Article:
At the same time, traditional barriers to entry for new competitors are consistently being eroded by these breakthroughs, sending industries into flux and creating potential new opportunities.
Humanity’s co-evolution with technology will continue to profoundly impact the economy, while improving life on Earth in unimaginable ways.
10 Global Insights into a Transforming World
Every day, global trends are reshaping society and the business landscape. Here are 10 insights into how the world is changing—and where we are heading.
10 Global Insights into a Transforming World from 2019
Every day, global trends are reshaping society and the business landscape.
Today’s infographic from McKinsey Global Institute (MGI) presents a snapshot of 10 insights into how the world is changing, based on its research work from 2019.
How did we get here, and where are we going?
A Connected World in Flux
Globalization is making the world “shrink” every day, as humans and trade become increasingly connected. However, there are signs that point to a new phase of globalization that is leading to different outcomes than prior years.
1. Globalization in Transition
Global exports are fundamentally shifting. Although manufactured goods are traded at higher volumes, certain services have grown up to three times faster.
The compound annual growth rate (CAGR, 2007-2017) for different sectors are as follows:
|Sectors||Global CAGR (% of GDP)|
|Telecom and IT services||7.8%|
|IP charges services||5.2%|
|Financial and insurance services||3.2%|
This has a profound impact on the mix of industries and countries involved in this shift away from goods and towards services. Asia is coming of age in this phase of the global economy.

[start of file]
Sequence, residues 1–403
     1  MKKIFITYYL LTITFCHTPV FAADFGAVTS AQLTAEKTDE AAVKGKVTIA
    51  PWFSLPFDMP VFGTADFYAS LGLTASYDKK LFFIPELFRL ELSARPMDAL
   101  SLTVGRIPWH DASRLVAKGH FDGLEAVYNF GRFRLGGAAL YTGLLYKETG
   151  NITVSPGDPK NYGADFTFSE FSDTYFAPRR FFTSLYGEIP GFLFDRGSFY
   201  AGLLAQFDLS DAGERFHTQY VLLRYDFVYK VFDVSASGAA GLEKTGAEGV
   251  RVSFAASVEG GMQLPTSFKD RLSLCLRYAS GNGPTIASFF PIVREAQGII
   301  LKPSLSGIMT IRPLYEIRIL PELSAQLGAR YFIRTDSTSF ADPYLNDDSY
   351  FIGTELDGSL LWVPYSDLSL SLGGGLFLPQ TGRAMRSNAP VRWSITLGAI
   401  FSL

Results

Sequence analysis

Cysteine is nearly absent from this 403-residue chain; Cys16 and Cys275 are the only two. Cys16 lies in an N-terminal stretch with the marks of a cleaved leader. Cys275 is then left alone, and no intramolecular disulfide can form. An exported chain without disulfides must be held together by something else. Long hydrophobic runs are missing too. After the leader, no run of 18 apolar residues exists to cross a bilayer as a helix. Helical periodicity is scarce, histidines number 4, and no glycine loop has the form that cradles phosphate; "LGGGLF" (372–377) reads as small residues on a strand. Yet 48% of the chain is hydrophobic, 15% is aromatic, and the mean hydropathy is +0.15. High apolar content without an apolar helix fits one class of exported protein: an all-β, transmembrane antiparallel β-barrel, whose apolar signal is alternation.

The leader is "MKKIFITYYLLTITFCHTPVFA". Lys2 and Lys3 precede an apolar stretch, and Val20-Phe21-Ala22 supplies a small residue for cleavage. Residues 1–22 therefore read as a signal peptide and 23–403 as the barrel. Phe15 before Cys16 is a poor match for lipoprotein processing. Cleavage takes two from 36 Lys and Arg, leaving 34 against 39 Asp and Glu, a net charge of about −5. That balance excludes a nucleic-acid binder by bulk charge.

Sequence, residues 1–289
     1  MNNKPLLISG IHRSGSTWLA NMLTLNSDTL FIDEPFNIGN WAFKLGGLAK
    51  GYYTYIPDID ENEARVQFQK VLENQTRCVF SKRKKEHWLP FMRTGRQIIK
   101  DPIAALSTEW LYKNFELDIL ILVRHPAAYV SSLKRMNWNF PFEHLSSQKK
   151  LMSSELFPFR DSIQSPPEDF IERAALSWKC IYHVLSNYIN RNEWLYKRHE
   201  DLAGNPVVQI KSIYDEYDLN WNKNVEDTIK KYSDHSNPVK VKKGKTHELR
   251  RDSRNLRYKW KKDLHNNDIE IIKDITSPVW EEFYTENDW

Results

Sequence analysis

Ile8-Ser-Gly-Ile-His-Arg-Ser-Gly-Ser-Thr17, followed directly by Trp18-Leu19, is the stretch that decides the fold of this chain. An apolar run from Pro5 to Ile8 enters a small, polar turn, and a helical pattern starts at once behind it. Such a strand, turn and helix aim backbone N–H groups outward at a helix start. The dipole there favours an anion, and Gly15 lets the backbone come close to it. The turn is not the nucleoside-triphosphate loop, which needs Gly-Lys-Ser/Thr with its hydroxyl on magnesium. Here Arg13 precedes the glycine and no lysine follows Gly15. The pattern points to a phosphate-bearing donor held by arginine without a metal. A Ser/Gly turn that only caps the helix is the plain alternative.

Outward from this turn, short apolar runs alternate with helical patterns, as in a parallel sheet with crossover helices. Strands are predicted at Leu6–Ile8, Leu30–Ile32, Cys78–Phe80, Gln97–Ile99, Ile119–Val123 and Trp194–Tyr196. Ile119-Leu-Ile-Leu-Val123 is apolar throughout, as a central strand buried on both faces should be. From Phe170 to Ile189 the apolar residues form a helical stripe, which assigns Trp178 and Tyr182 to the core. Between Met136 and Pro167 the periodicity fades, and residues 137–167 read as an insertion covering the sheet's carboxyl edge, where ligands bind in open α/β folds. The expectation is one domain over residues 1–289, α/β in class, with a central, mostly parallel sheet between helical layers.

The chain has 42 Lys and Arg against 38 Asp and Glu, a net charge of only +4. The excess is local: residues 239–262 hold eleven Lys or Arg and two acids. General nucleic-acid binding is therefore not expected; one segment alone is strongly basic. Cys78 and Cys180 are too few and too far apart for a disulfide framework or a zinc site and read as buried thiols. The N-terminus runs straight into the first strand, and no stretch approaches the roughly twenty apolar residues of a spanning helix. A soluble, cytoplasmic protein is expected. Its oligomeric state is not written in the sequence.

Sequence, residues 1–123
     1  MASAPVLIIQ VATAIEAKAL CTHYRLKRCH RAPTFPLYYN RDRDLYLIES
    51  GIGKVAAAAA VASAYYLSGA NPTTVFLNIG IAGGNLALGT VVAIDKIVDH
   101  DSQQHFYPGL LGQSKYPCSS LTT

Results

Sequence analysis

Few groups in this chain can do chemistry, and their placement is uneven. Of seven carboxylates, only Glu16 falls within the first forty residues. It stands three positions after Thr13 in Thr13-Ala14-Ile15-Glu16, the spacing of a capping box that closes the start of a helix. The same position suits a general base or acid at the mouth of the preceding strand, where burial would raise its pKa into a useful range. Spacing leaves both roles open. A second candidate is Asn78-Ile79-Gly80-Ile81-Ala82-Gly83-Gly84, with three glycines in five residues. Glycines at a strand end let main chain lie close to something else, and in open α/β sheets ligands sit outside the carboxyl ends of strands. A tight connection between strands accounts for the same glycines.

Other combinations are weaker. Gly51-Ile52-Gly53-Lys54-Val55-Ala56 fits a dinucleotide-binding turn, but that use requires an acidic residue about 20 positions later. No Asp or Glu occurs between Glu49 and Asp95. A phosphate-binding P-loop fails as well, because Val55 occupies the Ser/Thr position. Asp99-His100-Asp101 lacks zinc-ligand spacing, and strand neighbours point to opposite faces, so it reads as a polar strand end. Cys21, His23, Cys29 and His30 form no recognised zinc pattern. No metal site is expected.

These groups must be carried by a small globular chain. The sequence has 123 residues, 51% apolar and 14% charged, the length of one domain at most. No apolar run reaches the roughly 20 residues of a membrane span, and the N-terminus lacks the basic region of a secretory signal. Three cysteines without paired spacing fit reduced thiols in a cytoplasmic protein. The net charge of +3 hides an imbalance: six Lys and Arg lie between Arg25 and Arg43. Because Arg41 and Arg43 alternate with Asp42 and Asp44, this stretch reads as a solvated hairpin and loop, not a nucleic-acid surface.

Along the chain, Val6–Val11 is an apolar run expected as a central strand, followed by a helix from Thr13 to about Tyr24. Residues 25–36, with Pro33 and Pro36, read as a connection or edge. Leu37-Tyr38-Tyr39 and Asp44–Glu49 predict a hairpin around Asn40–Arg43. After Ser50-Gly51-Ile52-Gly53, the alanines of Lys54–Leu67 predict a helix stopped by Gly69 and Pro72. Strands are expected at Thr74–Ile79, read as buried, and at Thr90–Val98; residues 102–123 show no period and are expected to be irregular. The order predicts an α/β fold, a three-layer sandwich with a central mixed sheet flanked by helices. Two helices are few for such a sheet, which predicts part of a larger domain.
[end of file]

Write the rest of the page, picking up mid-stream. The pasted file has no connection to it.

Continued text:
2. Asia’s Ascent
Trade with and within Asia is rising, and shows no signs of slowing down. The region’s economic might is growing rapidly, and with higher disposable incomes, consumption is growing too.
In China, there is a new dynamic at play.
3. China’s Changing Relationships
Compared to other developed nations, China’s economy is relatively closed. The country is re-balancing its focus towards domestic consumption and relying less on other countries for trade, technology, and capital.
At the same time, the rest of the world is increasingly exposed and tied to China for the same things—and such unequal engagement has a ripple effect on everything from financial markets to flows of technology and innovation.
Technology and the Future of Work
New technologies like artificial intelligence are sparking new opportunities, but they also raise questions about the future of work across geographies and gender.
4. Increasingly Digital India
As the costs of devices and data plummet, India’s digital adoption is surging—it closely competes with China for the highest digital population across everything from smartphone ownership to social media users.
As mass adoption of digital technologies continues, it is poised to add significant economic value to the Indian economy.
|Digital sector||Current economic value||Maximum potential value (2025E)|
|Core digital services|
e.g. IT business process management
|Newly digitizing sectors|
e.g. Financial services
Companies worldwide are also integrating new technologies—changing the nature of work itself.
5. New Geography of Work
By 2030, talent and investment in the U.S. will be concentrated in a few regions—with 60% of job growth coming from just 25 hubs.
These are just some examples of places which see double-digit potential net job growth by 2030. However, all regions will face unique challenges in the next decade.
6. Automation’s Effect on Gender at Work
Globally, women and men are at similar risk of losing their jobs to automation by 2030.
- Women: 107 million FTEs
Share of female employment, 2017: 20%
- Men: 163 million FTEs
Share of male employment, 2017: 21%
*FTE: full time equivalent. Based on midpoint automation scenario.
While everyone needs to adapt in the age of automation, women face more barriers. They spend up to 1.1 trillion hours on unpaid care work, nearly three times that of men (400 billion hours).